Golis: Can we change how we think about housing?
As Sonoma County communities scramble to increase the stock of affordable housing, community leaders will be obliged to confront hard questions: Who needs housing, and what kind of housing do they need? Where will it go, and what will it look like? And what is government’s role in supporting housing?
For elected officials, planners, builders, environmentalists and neighborhood groups, these will not be easy conversations. The principal actors will be obliged to think about housing in new ways. And they will need to put aside old political reflexes, recognizing that this is 2015, not 1990.
The rest of us? We will need to reconcile our contradictions. We can’t celebrate the growth of jobs and oppose housing for the people who work in those jobs. We can’t shed a tear for working families living out of cars and then oppose housing for those very same families.
Can we change? Let’s just say if we want our hometowns to be humane and prosperous, we will need to try. We won’t like living in towns where nurses, teachers, shop clerks and vineyard workers can’t afford a place to live.
Beginning after World War II, California solved its housing problems by sprawling into the next valley and the next and the next. What’s not to like about a big house on a large lot and the freedom afforded by the automobile?
But the time came when communities discovered that the least expensive part of sprawl development was what came first. Empty land is cheaper and easier to build on.
It turns out that sprawl destroys farmland and the natural beauty of a place. Sprawl invites the building of larger and less affordable homes. (Despite evidence that millennials want to live in more compact, urban settings, the median area of a home built in the past decade was half again as large a home built in the 1960s, according to a U.S. Census Bureau analysis. In 2013, the average area of a single-family home built in the U.S. was 2,598 square feet.)
Sprawl also increases the cost of government and otherwise imposes costs that never go away: the costs of building and maintaining larger and larger networks of highways, roads, sewer, electrical and water systems; the costs of more traffic congestion, air pollution, auto fatalities, car repairs and fossil fuel consumption; the costs of lost productivity and lost revenue from farm production.
The Atlantic CityLab, which reports on urban issues, last week served up only the latest study accounting for the economics of sprawl. The study, commissioned by the Global Commission on the Economy and Climate, placed the annual cost to the U.S. economy at more than $1 trillion.
In Sonoma County, the taxes we pay to expand the freeway and build a rail system - and the tax we may pay to improve a rural road system - reflect past decisions to live in one place and work and shop in another.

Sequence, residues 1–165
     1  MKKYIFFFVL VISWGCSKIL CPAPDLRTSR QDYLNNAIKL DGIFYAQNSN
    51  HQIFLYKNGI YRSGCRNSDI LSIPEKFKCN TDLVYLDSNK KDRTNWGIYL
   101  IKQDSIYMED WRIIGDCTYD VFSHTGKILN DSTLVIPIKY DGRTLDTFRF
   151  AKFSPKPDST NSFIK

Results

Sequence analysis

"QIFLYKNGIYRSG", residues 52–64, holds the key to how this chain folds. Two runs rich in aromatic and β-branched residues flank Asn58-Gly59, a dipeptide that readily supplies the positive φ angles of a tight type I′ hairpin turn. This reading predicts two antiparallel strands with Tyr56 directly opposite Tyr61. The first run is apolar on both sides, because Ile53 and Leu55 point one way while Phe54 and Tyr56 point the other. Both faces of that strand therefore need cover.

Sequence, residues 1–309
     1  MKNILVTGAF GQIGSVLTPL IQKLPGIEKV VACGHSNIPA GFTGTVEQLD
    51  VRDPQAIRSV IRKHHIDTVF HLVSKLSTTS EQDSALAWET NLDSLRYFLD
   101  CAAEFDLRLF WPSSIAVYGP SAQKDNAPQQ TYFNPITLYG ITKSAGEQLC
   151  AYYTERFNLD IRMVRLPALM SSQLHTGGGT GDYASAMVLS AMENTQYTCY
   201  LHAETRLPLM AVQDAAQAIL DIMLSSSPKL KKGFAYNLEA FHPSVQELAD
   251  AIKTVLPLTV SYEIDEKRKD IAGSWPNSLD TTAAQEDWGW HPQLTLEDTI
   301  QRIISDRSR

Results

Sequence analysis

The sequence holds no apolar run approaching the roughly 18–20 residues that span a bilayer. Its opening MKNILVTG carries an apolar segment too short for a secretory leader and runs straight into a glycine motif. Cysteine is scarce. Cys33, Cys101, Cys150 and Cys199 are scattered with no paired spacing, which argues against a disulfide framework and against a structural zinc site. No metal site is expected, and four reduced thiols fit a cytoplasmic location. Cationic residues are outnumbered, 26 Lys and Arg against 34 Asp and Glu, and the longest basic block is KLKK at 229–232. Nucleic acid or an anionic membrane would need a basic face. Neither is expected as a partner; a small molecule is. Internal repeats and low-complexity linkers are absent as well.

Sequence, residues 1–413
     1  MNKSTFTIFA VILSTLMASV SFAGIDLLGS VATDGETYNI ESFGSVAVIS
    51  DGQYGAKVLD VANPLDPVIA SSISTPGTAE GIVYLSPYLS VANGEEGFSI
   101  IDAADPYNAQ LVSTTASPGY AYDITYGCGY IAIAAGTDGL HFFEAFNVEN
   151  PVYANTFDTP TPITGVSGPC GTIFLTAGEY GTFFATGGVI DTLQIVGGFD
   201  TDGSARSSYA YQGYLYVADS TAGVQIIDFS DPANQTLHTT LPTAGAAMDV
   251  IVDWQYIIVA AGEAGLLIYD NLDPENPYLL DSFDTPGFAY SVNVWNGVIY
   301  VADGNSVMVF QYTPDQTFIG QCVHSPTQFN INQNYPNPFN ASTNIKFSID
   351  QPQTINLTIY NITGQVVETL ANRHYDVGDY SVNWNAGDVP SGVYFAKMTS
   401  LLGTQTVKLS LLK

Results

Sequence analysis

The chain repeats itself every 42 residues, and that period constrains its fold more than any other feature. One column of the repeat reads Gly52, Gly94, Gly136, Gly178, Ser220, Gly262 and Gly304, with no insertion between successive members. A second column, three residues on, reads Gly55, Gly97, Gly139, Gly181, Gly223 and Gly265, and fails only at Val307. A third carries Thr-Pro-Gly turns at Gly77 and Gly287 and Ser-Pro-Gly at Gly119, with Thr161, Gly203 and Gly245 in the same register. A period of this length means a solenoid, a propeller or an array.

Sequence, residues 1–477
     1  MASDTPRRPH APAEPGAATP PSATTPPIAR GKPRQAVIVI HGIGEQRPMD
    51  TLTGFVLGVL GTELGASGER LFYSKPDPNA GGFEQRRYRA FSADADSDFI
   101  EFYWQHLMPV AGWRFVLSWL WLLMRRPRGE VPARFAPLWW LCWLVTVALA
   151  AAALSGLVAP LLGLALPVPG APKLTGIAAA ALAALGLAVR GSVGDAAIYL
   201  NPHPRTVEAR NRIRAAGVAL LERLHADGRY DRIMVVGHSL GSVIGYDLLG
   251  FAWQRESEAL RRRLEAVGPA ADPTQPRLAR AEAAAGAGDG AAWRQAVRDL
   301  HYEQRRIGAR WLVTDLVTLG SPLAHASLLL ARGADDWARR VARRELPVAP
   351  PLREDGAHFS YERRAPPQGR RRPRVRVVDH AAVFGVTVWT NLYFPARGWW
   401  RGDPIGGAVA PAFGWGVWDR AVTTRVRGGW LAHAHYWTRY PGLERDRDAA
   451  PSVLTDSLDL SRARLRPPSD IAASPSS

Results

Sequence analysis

Eventually, communities began to put the reins on sprawl development. In Sonoma County, an open space tax, voter-approved urban boundaries and other limits on new construction became the official response.
Along the way, cities talked a lot about “smart growth,” which would provide a new city-centered paradigm for community development, but the current shortage of affordable housing becomes testimony to the cities’ inability to complete the circle.
Yes, it’s complicated and difficult. For government and for the housing industry, too, the path to a coherent approach to housing is littered with financial, legal and political obstacles.
Communities not only fail to provide incentives for the housing most people need, they place roadblocks along the way.
Almost no one would return to the days of sprawl development. But doing nothing isn’t working either. Too many people are homeless, or otherwise living in substandard conditions. Too many people are paying rents that threaten to leave a family without enough money for food and health care.
On Thursday, a Press Democrat editorial focused on the findings of a new legislative analyst’s study of housing in California. If you haven’t read the editorial, you should. It tells the story of good intentions and unintended consequences - of how growth limits, fees, regulations and a convoluted system of taxation combined to create a housing shortage and to make coastal California among the most expensive places in the world to live and do business. What’s worse, the gap between California and everyone else is growing wider.
As one measure of the housing shortage, the report says, Californians are four times as likely as other Americans to live in over-crowded housing.
If we repeat the past, we know how this goes. There will be finger pointing all around.
Enlightened self-interest would suggest a different approach, one that recognizes that the next generation of workers also needs a place to live.
When Gov. Jerry Brown told Editorial Director Paul Gullixson that Sonoma County doesn’t want more housing, Brown managed to provoke a variety of local reactions. (If you think the governor minds being provocative, you would be wrong.)
What matters, of course, is not what we think about the past, but what we do going forward.
Pete Golis is a columnist for The Press Democrat. Email him at email@example.com.